*This post was first published in The Greek Vibe on September 2, 2014, when Antonis Vardis passed away. It has been updated due to popular demand.
It was in the early ’80s that the music of Antonis Vardis came into my world. As a teen growing up in Chicago, I was desperately seeking an identity, a sense of belonging. Greek music did just that. I would spend hours going through my mother’s and my uncle’s albums and tapes, finding that special song that would take me on an aural trip to Greece of my summer holidays, its beaches, the sights, the smells. Somehow Greek music touched me in ways English-language music never did.
In one such endeavor, there among popular singers George Dalaras, Yiannis Poulopoulos, Vassilis Papakonstantinou and Dimitra Galani, I remember coming across an album that would come to mark my adolescence. It was a cassette sent to us from Greece (this was a big thing back then) featuring Haroula Alexiou. Titled “Ximeronei” (Day breaks) it featured the songs of a handful of lyricists to Vardis’ music.
From that day on “Fevgo” (I’m Leaving) became the anthem of my angst-filled teens. By the time I was, 15 I could play it on the guitar and it became a standard “feature” in our student musical gigs and gatherings.
Vardis passed away earlier today. He was 66 years old. As is usually said of artists who leave this realm, he will be remembered through his music. But in the case of Vardis, I truly feel that his legacy is much more than the popular songs he penned. In my eyes, he will go down in our hearts for his integrity, his professionalism and his undying passion for music.
Born on August 7,1948, Vardis was – like much of his generation – a restless soul looking for creative outlets. In 1965, he joined a band called the Vikings, giving us some garage-style songs like “I wanna Know” (above) and “Catherine” (below).
In the meantime, he worked as a guitarist to make a living. By the mid-70s, his songs had taken centre stage. Artists like Dalaras, Parios, Galani and Poulopoulos, to name but a few, saw their careers soar thanks to Vardis’ knack for success.
His trademark sound? Ballads which were always a bit ahead of their times. You could always hear him strumming his acoustic guitar in the background. And the songs he penned became instant hits. If a track of his happened to catch your ear once, you would hum it all day. I remember hearing his songs on the “Greek radio” (a frequency all Greek-American families tuned into to keep in touch with the homeland) and then eagerly trying to find the album. No Internet back then to make this struggle easier.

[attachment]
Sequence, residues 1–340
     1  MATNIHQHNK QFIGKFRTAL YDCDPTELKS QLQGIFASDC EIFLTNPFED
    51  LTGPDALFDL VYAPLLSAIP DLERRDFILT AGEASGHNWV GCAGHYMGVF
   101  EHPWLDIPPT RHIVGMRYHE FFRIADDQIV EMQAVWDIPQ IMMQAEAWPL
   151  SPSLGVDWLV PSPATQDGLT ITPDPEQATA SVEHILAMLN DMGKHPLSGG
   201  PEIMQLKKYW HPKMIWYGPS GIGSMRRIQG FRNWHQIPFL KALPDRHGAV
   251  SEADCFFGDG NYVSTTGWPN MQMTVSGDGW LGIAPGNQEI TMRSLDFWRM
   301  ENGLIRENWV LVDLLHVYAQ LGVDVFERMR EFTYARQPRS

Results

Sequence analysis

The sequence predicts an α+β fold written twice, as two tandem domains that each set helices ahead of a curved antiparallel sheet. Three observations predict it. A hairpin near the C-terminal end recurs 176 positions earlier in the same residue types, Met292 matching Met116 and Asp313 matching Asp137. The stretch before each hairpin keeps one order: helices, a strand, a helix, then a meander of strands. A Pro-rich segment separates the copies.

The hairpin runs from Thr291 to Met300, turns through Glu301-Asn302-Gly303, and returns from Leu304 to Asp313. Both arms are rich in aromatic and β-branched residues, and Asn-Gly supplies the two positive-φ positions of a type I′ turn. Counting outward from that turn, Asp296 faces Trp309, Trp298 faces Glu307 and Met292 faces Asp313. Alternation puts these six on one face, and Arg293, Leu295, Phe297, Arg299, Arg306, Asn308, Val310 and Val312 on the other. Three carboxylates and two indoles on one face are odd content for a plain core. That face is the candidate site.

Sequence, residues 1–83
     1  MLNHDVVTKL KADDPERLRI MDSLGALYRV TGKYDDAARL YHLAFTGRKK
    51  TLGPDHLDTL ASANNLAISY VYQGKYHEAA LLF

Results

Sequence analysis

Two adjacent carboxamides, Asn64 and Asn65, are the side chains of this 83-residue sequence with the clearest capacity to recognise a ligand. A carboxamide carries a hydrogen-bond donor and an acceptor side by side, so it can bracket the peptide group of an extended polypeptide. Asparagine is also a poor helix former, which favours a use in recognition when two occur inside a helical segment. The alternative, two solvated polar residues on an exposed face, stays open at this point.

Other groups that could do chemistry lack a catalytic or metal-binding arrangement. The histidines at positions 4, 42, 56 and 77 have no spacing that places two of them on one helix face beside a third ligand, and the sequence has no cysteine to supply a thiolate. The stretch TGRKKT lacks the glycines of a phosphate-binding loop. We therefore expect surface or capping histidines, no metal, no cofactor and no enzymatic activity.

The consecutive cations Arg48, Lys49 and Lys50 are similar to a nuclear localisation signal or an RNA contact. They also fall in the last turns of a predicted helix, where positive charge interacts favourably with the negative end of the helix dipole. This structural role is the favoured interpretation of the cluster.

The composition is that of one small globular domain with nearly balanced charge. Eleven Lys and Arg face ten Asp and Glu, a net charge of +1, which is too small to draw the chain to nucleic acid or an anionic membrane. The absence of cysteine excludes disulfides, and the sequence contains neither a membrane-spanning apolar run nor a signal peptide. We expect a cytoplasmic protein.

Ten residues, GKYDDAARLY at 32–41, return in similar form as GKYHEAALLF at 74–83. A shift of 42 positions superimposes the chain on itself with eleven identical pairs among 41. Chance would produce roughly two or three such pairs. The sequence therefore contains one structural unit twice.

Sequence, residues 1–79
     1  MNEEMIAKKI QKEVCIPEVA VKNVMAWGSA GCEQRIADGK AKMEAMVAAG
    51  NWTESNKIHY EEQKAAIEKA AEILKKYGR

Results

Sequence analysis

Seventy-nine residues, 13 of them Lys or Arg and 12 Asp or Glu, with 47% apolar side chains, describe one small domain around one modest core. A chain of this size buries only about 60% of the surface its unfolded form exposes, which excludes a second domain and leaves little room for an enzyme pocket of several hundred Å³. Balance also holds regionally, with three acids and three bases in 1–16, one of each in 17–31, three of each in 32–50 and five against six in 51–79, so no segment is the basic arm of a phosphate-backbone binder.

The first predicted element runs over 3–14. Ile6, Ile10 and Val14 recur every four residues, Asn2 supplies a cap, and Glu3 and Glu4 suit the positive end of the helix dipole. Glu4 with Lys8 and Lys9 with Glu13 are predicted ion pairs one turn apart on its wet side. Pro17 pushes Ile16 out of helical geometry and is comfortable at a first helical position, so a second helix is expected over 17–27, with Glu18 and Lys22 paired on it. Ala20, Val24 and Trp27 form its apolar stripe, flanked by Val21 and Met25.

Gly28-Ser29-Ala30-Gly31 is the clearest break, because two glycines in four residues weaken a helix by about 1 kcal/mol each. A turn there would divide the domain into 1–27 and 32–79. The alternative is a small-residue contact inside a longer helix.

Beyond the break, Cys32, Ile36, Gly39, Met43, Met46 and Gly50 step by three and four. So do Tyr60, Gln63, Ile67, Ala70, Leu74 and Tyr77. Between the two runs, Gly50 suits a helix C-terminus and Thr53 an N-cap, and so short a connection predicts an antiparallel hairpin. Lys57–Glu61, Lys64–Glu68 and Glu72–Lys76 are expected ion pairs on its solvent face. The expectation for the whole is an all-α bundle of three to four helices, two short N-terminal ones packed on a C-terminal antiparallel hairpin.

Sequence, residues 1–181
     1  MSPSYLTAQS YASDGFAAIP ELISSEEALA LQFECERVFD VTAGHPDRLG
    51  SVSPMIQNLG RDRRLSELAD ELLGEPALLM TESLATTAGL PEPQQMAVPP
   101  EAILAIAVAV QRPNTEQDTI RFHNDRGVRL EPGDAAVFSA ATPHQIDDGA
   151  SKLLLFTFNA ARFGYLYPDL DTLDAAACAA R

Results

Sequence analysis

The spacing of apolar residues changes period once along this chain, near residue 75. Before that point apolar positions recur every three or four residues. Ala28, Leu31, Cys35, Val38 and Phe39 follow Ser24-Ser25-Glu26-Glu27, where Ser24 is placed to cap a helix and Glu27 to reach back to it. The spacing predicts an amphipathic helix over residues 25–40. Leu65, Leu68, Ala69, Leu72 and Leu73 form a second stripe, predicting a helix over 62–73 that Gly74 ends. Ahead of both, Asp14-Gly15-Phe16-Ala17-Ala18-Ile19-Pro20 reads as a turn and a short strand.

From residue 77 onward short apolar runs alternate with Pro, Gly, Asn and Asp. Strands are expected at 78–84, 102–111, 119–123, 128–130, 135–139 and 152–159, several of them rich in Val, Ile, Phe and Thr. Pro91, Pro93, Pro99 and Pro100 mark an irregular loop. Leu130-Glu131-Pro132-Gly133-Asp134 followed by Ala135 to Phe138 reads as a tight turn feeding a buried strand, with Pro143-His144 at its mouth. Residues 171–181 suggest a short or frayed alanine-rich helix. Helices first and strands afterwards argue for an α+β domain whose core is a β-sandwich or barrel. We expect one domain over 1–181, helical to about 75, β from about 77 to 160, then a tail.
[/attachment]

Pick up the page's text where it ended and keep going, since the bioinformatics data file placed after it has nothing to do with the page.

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Antonis Vardis: Ahead of the Times
Many of the songs I still love and go back to for some nostalgic comfort are by Vardis.
“M’agapouses” (You loved me once) featuring a very young Dimitra Galani.
“Ah Agapi” (Oh Love) with the velvety voice of Yiannis Parios.
“Thalasses” (Oceans) with the commanding interpretation of one of Greece’s finest performers, Ilias Klonaridis, who stopped appearances early in his career (sadly for us).
The upbeat “Thelo Na M’agapas” (I Want you to Love Me) with 60s-70s troubadour Yiannis Poulopoulos.
Rock star Vassilis Papakonstantinou sings “Fevgoun Karavia ston Yialo” (Ships sailing away).
And the wonderfully fresh “Kato ap’ tin Klimataria” (Under the Vine) featuring Dalaras in a song Diaspora Greeks loved as it reminded them of Greece.
Despite composing ballads for the most part, Vardis had a soft spot for the laiko genre. Somehow he would always manage behind the modern pop-rock façade to squeeze in that laiko feel. One such song is “Stin Ellas tou 2000” (Greece of the Year 2000). In one of his rarest appearances, the great Stelios Kazantzidis teams up with balladeers Haris and Panos Katsimicha and Vardis bringing together popular and laiko in verse, music and interpretation.
The song’s final verse, by Sarantis Alivizatos, is foretelling of Greece’s eternal woes.
“[Greece] Tell me what will become of you now.
Now that you’ve ended up serving them.
Dance in the nightclubs (“skyladika” are popular nightclubs usually featuring what is considered a ‘low-standard’ of music )
You travel the night
Desperately seeking an identity”
I believe that when an artist like Vardis passes on, we should not mourn. Instead we should be grateful because we were blessed to have been touched by his song.
Here, Vardis interpreting “Fevgo” – his trademark work.